# Numbers #

Math.js supports three types of numbers:

- Number for fast floating point arithmetic, described on this page.
- BigNumber for arbitrary precision arithmetic, described on the page BigNumbers.
- Fraction, which stores numbers in terms of a numerator and denominators, described on the page Fractions.

## Configuration #

Most functions can determine the type of output from the type of input:
a number as input will return a number as output, a BigNumber as input returns
a BigNumber as output. Functions which cannot determine the type of output
from the input (for example `math.eval`

) use the default number type, which
can be configured when instantiating math.js:

```
math.config({
number: 'number' // Default type of number:
// 'number' (default), 'BigNumber', or 'Fraction'
});
```

## Round-off errors #

Math.js uses the built-in JavaScript Number type. A Number is a floating point
number with a limited precision of 64 bits, about 16 digits. The largest integer
number which can be represented by a JavaScript Number
is `+/- 9007199254740992`

(`+/- 2^53`

). Because of the limited precision of
floating point numbers round-off errors can occur during calculations.
This can be easily demonstrated:

```
// a round-off error
0.1 + 0.2; // 0.30000000000000004
math.add(0.1, 0.2); // 0.30000000000000004
```

In most cases, round-off errors donâ€™t matter: they have no significant impact on the results. However, it looks ugly when displaying output to a user. A solution is to limit the precision just below the actual precision of 16 digits in the displayed output:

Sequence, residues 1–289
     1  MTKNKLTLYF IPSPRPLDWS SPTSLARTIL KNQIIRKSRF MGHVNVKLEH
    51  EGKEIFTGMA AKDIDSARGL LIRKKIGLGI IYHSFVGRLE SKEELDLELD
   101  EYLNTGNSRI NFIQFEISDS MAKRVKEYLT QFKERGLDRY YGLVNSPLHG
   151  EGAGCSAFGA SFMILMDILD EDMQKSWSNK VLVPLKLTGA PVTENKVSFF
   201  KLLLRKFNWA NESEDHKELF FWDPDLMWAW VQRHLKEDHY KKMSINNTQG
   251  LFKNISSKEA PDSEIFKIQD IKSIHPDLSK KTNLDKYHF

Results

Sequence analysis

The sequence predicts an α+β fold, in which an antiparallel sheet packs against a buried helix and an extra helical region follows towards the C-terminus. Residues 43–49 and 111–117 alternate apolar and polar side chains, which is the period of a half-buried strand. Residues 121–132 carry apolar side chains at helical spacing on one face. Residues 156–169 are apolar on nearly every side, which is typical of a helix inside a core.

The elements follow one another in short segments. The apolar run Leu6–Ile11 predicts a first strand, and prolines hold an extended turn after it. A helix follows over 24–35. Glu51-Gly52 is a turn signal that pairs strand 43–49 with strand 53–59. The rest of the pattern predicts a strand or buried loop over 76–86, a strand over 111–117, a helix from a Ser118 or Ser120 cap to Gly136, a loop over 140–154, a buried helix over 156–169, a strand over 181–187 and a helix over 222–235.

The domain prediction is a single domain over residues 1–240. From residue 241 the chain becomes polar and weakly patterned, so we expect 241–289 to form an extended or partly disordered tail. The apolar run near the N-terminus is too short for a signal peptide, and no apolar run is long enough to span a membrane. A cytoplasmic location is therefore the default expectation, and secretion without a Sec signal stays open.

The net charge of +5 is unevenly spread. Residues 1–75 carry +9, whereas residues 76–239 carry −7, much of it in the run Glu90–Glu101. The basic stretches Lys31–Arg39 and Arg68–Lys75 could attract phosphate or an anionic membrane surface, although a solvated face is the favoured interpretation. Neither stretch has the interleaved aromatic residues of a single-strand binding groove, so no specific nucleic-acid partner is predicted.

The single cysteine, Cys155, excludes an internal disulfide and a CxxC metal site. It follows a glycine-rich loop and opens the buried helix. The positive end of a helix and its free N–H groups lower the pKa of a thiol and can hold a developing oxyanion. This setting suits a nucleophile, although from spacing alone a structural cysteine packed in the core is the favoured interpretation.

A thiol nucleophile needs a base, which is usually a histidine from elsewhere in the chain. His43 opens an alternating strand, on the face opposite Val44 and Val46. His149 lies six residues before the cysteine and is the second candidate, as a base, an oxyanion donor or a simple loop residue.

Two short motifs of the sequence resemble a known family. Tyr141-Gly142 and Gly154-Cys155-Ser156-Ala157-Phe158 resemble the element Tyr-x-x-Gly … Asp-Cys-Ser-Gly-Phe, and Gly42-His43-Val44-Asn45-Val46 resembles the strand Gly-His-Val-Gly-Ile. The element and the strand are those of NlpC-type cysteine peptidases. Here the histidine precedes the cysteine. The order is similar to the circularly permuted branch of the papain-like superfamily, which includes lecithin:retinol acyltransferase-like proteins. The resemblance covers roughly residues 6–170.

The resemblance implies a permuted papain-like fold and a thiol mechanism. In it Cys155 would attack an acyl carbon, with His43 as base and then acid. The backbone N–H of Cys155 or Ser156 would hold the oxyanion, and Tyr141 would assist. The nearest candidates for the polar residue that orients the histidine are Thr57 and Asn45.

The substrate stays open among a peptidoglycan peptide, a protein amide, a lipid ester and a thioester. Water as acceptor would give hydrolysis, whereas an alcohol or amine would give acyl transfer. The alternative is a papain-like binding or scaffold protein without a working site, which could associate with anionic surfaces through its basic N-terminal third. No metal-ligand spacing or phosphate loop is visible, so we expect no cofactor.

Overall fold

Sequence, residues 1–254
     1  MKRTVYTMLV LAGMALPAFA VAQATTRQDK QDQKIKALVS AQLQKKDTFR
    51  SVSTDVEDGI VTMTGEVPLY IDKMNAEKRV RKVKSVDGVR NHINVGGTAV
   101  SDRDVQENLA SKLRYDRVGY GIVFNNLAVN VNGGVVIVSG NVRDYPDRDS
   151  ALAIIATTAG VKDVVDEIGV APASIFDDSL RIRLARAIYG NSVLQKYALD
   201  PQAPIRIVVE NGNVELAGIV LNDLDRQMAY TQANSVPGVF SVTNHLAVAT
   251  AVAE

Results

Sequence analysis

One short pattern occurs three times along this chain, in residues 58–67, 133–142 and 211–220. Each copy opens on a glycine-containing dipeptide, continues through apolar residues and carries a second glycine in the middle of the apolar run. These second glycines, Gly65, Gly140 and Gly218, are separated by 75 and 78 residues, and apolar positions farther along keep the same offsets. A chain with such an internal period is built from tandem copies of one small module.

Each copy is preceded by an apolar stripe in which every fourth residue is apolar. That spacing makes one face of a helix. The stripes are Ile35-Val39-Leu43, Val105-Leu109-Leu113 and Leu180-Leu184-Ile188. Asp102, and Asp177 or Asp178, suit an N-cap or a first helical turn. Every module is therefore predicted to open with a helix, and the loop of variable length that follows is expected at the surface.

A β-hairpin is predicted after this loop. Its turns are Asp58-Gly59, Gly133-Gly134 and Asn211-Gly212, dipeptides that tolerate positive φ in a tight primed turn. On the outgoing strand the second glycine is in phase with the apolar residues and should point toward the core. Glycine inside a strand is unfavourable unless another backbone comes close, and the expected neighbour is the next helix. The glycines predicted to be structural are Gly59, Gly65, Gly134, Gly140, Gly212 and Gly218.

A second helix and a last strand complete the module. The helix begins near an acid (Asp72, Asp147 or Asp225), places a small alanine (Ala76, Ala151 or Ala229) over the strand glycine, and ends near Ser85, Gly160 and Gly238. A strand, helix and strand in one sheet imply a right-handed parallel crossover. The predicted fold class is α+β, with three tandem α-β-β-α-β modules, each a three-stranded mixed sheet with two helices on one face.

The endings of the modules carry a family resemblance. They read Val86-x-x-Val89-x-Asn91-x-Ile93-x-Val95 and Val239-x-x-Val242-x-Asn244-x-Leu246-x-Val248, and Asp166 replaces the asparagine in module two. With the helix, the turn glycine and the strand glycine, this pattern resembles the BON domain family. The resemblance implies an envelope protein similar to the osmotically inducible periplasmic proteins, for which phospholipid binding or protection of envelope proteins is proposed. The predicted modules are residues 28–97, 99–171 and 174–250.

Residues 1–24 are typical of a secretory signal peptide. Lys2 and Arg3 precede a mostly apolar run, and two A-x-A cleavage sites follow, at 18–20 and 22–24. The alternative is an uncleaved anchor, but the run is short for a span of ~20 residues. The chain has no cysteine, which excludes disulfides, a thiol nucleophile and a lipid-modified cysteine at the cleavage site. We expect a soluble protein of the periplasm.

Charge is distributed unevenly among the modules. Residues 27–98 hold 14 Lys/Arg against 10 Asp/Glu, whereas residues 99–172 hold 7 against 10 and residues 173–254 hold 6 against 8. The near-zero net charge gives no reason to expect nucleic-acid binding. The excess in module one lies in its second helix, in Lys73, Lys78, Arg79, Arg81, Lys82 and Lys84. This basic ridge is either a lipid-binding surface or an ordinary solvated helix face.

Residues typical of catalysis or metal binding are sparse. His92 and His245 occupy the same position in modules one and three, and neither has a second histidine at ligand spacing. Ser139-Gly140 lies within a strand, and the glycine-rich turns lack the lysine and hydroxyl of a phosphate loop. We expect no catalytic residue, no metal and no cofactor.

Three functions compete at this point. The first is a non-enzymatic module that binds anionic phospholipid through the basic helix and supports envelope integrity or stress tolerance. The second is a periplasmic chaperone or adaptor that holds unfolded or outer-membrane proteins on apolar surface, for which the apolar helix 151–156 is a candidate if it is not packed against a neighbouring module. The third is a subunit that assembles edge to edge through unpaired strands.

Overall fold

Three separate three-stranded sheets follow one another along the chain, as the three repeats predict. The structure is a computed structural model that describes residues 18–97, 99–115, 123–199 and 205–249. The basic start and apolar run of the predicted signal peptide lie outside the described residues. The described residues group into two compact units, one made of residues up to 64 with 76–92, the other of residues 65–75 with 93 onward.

```
// prevent round-off errors showing up in output
var ans = math.add(0.1, 0.2); // 0.30000000000000004
math.format(ans, {precision: 14}); // '0.3'
```

Alternatives are to use Fractions which store a number as a numerator and denominator, or BigNumbers, which store a number with a higher precision.

## Minimum and maximum #

A Number can store values between `5e-324`

and `1.7976931348623157e+308`

.
Values smaller than the minimum are stored as `0`

, and values larger than the
maximum are stored as `+/- Infinity`

.

```
// exceeding the maximum and minimum number
console.log(1e309); // Infinity
console.log(1e-324); // 0
```

## Equality #

Because of rounding errors in calculations, it is unsafe to compare JavaScript
Numbers. For example executing `0.1 + 0.2 == 0.3`

in JavaScript will return
false, as the addition `0.1 + 0.2`

introduces a round-off error and does not
return exactly `0.3`

.

To solve this problem, the relational functions of math.js check whether the
relative difference between the compared values is smaller than the configured
option `epsilon`

. In pseudo code (without exceptions for 0, Infinity and NaN):

```
diff = abs(x - y)
nearlyEqual = (diff <= max(abs(x), abs(y)) * EPSILON) OR (diff < DBL_EPSILON)
```

where:

`EPSILON`

is the relative difference between x and y. Epsilon is configurable and is`1e-14`

by default. See Configuration.`DBL_EPSILON`

is the minimum positive floating point number such that`1.0 + DBL_EPSILON != 1.0`

. This is a constant with a value of approximately`2.2204460492503130808472633361816e-16`

;

Note that the relational functions cannot be used to compare small values
(`< 2.22e-16`

). These values are all considered equal to zero.

Examples:

```
// compare values having a round-off error
console.log(0.1 + 0.2 == 0.3); // false
console.log(math.equal(0.1 + 0.2, 0.3)); // true
// small values (< 2.22e-16) cannot be compared
console.log(3e-20 == 3.1e-20); // false
console.log(math.equal(3e-20, 3.1e-20)); // true
```

The available relational functions are: `compare`

, `equal`

, `larger`

,
`largerEq`

, `smaller`

, `smallerEq`

, `unequal`

.